Do styles change?


Look at me when I’m talking to you.

Every parent ever

I’m still so impressed with Melanie White’s Remotely Speaking post that I included in yesterday’s This Week in Ontario Edublogs post.

In the post, she described her efforts to try to reach out and include all students in her classroom. Rather than relying on a single tool, she’s pulling out many other things from her digital toolbox.

She had me thinking about how I handle myself in populated learning sessions like classrooms or lecture halls or online. I do indeed like to look at whoever is talking. That’s why my preferred seat was always at the front, right side of the room. Being right handed, I could turn to the left to see who was talking and still take notes. In online meetings, I like the feature that promotes the speaker to a bigger image.

Even in department meetings, I would arrive early and plop my laptop or other materials down in a primo seat before getting my coffee so that I was in a position to easily see everyone else in the room.

And, it’s not like I am always an actively vocal participant. It’s not that I’m detached either but I do like to listen and have always have a bit of resentment for those types that like to monopolize the conversation. I’m not a fan of going around the table and finding out how everyone spent their weekend. It always seems to be a time filler and I’ve been known just to “pass”.

I’m not saying that my style is correct; it’s just me. And yet, when the time calls for it, I can stand up in front of a group of people and teach or present or lead a meeting online. My first superintendent called me a “closet extrovert”. There are just those occasions when you’re expected to step up and lead. Then, there are those occasions when you could be a passive participant.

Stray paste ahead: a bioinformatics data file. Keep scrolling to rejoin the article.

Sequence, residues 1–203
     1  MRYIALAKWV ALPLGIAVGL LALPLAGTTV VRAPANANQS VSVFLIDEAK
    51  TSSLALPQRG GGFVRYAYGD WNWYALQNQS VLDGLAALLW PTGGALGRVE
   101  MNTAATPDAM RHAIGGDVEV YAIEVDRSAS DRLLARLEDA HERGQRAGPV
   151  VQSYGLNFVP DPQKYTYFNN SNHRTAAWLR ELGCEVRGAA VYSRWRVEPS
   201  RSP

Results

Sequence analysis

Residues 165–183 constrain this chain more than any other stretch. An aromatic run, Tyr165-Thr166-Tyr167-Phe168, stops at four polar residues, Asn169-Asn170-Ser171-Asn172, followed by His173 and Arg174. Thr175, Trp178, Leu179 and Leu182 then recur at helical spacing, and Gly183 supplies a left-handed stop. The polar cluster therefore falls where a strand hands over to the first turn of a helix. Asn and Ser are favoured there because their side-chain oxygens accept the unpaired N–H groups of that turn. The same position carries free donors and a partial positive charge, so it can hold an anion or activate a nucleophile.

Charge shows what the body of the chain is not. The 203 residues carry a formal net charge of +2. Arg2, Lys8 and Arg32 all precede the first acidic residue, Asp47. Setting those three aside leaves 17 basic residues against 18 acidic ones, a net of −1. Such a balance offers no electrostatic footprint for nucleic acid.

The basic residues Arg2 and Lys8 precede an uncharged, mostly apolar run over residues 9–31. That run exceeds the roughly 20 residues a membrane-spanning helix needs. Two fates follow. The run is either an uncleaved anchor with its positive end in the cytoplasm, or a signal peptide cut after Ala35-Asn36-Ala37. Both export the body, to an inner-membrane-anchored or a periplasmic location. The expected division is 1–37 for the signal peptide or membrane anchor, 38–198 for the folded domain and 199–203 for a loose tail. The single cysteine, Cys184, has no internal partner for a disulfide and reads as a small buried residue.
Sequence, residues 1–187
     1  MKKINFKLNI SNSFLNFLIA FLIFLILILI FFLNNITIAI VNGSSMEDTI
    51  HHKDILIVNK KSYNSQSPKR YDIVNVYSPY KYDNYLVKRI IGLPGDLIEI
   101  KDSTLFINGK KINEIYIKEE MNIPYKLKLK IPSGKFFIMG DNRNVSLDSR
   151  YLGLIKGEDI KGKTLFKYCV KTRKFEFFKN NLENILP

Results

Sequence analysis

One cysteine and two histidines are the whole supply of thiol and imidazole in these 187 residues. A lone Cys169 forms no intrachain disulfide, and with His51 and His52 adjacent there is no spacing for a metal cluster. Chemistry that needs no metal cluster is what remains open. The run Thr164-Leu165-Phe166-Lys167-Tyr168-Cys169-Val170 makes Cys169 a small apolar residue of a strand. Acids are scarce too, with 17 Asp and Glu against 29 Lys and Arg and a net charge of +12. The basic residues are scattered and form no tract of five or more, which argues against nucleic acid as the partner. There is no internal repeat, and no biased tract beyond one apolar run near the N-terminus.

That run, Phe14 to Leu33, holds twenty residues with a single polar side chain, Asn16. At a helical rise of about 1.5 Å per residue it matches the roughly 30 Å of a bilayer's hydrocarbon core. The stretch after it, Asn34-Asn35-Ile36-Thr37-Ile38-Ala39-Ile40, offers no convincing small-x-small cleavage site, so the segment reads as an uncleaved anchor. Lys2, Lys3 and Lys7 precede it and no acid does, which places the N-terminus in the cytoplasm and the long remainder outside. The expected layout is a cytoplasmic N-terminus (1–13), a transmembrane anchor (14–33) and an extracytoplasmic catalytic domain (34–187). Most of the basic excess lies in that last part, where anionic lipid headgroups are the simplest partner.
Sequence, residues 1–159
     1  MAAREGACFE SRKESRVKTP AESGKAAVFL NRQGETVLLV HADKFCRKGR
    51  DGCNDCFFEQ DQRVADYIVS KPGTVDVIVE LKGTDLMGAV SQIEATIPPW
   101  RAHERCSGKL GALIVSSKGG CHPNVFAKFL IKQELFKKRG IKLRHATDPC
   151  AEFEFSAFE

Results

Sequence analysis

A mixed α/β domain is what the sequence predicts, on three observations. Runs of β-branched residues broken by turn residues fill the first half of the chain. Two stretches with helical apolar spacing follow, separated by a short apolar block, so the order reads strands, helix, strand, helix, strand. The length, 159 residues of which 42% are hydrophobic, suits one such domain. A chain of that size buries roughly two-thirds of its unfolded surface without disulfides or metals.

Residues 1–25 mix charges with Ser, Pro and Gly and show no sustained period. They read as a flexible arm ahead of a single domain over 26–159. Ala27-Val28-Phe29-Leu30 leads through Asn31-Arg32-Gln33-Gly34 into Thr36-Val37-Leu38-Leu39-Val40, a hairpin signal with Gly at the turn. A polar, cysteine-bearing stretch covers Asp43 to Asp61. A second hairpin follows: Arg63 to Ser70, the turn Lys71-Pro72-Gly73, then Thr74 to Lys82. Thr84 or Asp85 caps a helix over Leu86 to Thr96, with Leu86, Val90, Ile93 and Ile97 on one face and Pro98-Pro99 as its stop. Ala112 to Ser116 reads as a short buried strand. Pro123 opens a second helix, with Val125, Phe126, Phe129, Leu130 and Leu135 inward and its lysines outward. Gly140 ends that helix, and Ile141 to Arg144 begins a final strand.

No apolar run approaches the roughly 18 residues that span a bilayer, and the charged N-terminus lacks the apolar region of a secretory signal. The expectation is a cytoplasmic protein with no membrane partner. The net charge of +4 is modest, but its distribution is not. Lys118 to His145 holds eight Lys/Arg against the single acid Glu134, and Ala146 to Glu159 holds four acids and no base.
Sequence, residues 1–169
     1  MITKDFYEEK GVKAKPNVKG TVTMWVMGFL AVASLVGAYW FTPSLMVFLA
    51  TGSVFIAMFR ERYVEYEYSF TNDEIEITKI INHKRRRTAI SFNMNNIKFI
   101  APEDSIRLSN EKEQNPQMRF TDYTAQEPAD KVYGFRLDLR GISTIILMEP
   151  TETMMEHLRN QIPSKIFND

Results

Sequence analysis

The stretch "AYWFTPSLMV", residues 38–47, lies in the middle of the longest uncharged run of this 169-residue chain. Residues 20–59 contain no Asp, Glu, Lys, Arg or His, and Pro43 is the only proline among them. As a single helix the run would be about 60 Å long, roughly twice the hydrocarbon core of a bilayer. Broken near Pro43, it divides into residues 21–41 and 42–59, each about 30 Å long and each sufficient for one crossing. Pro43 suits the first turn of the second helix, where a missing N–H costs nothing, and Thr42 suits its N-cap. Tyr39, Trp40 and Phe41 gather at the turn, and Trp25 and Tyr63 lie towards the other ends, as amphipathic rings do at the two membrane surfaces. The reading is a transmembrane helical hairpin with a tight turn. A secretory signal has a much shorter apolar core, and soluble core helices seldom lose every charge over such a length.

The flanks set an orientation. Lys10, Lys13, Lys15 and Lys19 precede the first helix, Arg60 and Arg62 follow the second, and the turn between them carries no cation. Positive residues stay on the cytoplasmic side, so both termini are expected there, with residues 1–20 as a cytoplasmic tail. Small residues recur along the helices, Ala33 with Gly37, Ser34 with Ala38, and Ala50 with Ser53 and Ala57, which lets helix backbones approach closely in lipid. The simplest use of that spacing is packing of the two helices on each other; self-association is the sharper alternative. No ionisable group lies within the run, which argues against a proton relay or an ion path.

So, I visualize myself in Melanie’s class. I’m guessing I would be the Brady Bunch square in one of the corners listening to what’s happening but remaining silent for the most part. It’s a challenging environment as well as I can see people talking over each other without the visible cues that we would normally expect to see in a classroom. Courtesy still prevails and we see it when multiple people start to talk and then simultaneously stop when they realize someone else is talking.

Or, at least that’s how I think I’d react. I think I’ve mentioned before that I join a group of friends every week for a beer in a Zoom meeting. As per usual, I find myself quiet and enjoying the stories but there are times when the conversation lulls. It’s at those moments that I feel the need to join in and say something. Maybe that’s a good thing? Maybe that’s just a consequence of the tool that we’re using? Maybe there’s a desire to change because of the isolation that I’m experiencing?

Back to what Melanie’s doing, I can only think that her efforts to reach out and engage all students is so much more impressive and a tribute to her as a teacher. I know that I would appreciate being acknowledged and then allowed to learn as I normally would. At this time of the year, I’m sure that she would know what to expect from me and my habits. And yet, I’m sure that she would be flexible and understanding enough to recognize that it might change given any one of a myriad of reasons.

I’m hoping that you may have some observations about behaviour, consistent or changing, in your classes at this time. If so, feel free to share in the comments.

OTR Links 05/09/2020


Posted from Diigo. The rest of my favorite links are here.